Our neighbor has been fighting cancer for the last half-year. Each time I see her, it’s like the Lord turns his laser pointer on. Our interaction is sparse: my English prayers over her in private and Spanish greetings on the street. I saw her hats and headscarves progress to unabashed baldness. I told her she looked beautiful. She told me about her chemo port.

Lately, I open my arms with every hello. Latin culture pooh-poohs personal space. I don’t have enough words to explain my heart to her. I can only draw her near it for a moment now and then.

That night at the grocery store, she held on. We cried a little. Her Spanish flowed next to my cheek, blessing and thanking me for my love. God’s presence filled that embrace, speaking all the things I didn’t know how to say.

wood garden fence board

Photo by Pixabay on

Her hair is growing back now, sparkly silver.

She invited me in the other day, my first time through the steel gate that safeguards her house.  Seating me at her table, she shared her evening, her family, her life. She heaped a bowl with fruit salad, serving me a rainbow cut with her limited strength–topped with red jello, of course, for Costa Rican flair.

Stories flowed out as I nibbled and listened. How her grown daughter had stroked her bare scalp in the restless nights of her treatment, the love expressed in cool touch. Her sadness that we all seem to live behind closed doors in the neighborhood. We laughed that it was the mosquitoes’ fault. Prayers sought for her disability pension to be approved, kindly insights on the personalities of the block. Encouragement from the place of cancer, that the Lord is faithful in all things. Her face lit up when we talked gardening.

I went home with arms full of plant cuttings and the fruit I couldn’t finish. Humming with Spanish headache and unexpressed affection, I dove into my freezer. I recrossed the street with banana-craisin bread to sweeten her week the way she had mine. We thumped the language barrier again as I fumbled for the concepts of already-sliced and thaw-on-the-counter.

I may be hemmed in by verb tense and vocabulary, but God is not. He can work great things in the cheerful hello, in the how-are-you, in the hug in the grocery aisle.

Most of the time, what I do is more felt than seen: happy bellies, cleans sheets, a peacefully ordered home. This time the Lord let me feel some of what he is doing in my doing.

And if you give even a cup of cold water to one of the least of my followers, you will surely be rewarded.  Matthew 10:42 NLT

How has the Lord surprised you with his movement in your everyday living?

The Backpack Story

Our journey to Costa Rica on Monday started out innocently enough.  The small miracle of a favorite song played twice on the car radio in 20 minutes, chorusing the benediction “Let the future begin.”  A laughter-through-tears farewell at the airport.  Two low-key flights sandwiching a leisurely layover and McDonalds fries.  We were given a shortcut through the immigration line (may have been the squirrelly kids or the soccer jerseys we wore), hugged the ministry founders, Tim and Dena, rejoiced that they had ferried all of our stuff in good condition from Hogar de Vida, met our wonderful Big Sisters from language school, and loaded our baggage into the van rented to drive us to our house.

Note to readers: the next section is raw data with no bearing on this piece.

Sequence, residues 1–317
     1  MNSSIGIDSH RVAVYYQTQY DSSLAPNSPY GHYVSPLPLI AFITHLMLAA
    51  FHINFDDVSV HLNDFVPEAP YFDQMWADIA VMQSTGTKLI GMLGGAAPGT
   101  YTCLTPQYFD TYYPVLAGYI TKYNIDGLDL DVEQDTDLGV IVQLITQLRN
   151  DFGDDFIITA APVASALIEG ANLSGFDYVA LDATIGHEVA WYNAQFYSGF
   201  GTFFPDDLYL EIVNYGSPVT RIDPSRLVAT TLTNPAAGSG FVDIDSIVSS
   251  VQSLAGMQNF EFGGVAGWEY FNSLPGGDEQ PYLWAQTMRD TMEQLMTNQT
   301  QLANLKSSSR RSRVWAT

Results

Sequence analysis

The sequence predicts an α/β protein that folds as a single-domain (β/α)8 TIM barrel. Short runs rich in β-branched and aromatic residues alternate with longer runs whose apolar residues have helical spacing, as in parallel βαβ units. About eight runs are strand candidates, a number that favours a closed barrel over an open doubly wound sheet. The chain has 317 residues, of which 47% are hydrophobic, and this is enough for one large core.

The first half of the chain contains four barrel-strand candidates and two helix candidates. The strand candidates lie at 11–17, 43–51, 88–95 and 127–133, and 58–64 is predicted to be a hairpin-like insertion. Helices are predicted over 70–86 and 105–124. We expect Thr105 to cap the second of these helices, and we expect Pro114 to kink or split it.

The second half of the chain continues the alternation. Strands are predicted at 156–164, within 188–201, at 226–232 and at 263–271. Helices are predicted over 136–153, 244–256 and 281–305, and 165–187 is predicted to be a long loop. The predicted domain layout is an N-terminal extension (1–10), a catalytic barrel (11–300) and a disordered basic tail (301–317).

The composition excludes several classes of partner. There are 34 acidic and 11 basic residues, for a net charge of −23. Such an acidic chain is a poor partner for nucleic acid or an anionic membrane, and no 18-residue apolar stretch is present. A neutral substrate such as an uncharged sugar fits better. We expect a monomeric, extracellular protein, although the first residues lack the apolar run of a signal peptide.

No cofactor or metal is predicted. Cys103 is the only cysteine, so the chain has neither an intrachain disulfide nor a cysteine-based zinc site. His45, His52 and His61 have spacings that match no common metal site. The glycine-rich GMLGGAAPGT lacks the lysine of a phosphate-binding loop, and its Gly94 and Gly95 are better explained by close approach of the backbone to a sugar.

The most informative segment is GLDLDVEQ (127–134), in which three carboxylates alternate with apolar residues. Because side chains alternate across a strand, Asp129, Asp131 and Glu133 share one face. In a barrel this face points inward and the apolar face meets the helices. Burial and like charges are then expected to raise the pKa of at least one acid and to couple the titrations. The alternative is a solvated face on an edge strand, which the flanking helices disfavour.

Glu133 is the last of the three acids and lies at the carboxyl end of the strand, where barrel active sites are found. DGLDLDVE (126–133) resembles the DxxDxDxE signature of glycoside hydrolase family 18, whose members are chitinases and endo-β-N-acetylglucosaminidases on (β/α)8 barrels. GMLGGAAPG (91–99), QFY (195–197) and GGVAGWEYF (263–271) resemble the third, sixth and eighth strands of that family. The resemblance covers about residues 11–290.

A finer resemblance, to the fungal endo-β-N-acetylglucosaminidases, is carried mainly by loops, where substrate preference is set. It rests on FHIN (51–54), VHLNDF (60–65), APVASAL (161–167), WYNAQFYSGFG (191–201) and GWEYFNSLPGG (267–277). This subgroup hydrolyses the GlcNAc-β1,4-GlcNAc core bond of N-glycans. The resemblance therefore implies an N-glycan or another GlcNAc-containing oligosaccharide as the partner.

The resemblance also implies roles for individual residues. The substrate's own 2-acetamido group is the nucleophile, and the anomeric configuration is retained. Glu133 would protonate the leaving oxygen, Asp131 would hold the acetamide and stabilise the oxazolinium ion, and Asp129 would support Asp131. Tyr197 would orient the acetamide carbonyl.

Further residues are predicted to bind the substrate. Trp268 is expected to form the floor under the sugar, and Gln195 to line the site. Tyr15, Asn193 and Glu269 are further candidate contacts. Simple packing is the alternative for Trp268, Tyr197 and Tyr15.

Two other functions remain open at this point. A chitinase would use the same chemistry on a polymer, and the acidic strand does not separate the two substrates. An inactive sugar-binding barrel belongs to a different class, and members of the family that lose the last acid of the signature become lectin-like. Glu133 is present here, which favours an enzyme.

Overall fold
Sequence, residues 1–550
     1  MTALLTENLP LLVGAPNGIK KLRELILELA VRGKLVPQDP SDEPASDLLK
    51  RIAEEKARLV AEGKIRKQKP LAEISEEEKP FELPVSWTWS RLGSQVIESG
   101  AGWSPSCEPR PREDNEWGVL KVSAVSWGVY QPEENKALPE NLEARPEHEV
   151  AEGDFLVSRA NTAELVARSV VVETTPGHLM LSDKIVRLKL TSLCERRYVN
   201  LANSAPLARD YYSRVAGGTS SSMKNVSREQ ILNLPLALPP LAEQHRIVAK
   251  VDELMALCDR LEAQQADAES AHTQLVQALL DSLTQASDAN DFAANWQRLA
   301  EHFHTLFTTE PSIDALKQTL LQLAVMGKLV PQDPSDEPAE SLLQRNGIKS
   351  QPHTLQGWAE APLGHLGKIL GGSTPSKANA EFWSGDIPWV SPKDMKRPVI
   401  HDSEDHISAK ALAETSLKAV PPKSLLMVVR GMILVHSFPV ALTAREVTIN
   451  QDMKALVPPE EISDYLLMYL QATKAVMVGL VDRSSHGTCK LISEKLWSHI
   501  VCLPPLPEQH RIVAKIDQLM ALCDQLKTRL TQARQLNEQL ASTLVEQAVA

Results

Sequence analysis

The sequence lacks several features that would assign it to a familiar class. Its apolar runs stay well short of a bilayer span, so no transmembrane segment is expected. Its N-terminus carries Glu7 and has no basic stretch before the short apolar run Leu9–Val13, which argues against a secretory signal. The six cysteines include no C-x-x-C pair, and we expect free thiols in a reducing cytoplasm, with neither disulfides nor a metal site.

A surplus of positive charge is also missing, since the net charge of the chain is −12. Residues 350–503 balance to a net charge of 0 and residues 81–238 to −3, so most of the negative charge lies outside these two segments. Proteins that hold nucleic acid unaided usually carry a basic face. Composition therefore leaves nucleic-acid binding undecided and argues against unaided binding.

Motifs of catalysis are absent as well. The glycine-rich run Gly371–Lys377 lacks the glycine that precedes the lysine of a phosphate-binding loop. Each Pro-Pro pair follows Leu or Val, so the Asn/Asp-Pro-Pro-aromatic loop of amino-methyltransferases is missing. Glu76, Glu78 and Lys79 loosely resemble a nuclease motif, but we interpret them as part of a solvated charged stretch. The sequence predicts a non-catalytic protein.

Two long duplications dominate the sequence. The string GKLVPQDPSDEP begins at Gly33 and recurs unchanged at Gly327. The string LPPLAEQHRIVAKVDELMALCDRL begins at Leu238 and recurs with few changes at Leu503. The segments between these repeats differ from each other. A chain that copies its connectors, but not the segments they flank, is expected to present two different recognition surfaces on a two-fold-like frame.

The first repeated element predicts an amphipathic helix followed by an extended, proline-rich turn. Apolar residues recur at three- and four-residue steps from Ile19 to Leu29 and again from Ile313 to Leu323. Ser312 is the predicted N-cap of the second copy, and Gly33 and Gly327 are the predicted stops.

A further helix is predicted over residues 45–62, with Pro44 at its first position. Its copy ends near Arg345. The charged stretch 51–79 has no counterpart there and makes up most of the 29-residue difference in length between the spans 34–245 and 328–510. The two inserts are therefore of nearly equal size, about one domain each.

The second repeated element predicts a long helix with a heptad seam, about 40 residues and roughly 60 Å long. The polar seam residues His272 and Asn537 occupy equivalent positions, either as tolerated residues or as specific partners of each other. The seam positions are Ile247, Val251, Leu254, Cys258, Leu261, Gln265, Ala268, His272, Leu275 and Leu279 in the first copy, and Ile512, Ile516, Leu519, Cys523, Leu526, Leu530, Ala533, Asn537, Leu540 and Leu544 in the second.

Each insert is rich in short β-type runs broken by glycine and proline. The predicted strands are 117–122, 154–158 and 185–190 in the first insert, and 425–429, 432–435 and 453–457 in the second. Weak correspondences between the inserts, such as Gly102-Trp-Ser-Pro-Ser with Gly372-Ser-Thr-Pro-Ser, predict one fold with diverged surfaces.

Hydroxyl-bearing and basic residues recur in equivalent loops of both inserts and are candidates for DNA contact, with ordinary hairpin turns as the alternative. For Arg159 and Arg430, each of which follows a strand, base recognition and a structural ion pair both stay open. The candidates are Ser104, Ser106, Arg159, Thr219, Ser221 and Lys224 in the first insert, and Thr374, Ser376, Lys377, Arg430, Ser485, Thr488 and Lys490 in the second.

I was admiring the city lights as we drove down the highway, eagerly tuning into the conversation about something Costa Rican when Matt said it, veiled urgency in his voice:

We don’t have our backpacks.

A quick call to Tim and Dena confirmed it.  They didn’t have them in their vehicle either.  The bags stuffed with all of the things too important to let out of our sight were in fact still sitting on a bench outside of the San Jose airport in the traffic of new arrivals and taxi drivers.  In the relief of long anticipated greetings and hugs, the unsuccessful scramble to find working seat belts in the van for the children, and the busy loading of 50 lb. bags, we had let our guard down and simply forgotten to take a count.  Total rookie mistake.  We had driven around 20 minutes away, and the return trip seemed to last an eternity.  Praying with everything that an overtaxed me could muster, I called down God’s goodness over us, His plan for our time in Costa Rica, His angels over our bags hiding them from the sight of anyone on the prowl for theft.  I knew the odds were impossible.  This was San Jose, where a bag left on the seat of a locked car is an embossed invitation, and even backpacks being worn aren’t impervious.

My mind took inventory of the stakes: our passports, our laptops, the immigration paperwork, our phones, about $2,000 of cash for rent payments, and my wallet topped the list.  I pushed back the nausea and kept praying.  The city lights were an agony passing by in reverse.  Finally we entered the drop zone and saw what we had hoped and prayed for–the most beautiful lineup of colorful backpacks sitting on the bench.  We burst out of the van and collected them like prodigal children, praising God every step.  Searching through the various compartments, we found everything exactly where it was supposed to be.  Relief washed over us, with a cream rinse of exhaustion.